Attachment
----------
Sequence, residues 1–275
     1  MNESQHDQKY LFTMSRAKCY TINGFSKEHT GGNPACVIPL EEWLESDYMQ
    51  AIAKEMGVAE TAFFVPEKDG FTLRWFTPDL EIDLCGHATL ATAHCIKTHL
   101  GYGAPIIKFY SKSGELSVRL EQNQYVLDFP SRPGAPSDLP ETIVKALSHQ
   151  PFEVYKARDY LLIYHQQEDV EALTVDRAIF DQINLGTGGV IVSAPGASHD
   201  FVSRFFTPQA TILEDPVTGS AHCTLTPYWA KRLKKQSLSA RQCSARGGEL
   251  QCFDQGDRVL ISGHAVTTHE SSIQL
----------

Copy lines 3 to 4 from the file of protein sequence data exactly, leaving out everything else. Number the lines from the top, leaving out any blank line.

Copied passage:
    51  AIAKEMGVAE TAFFVPEKDG FTLRWFTPDL EIDLCGHATL ATAHCIKTHL
   101  GYGAPIIKFY SKSGELSVRL EQNQYVLDFP SRPGAPSDLP ETIVKALSHQ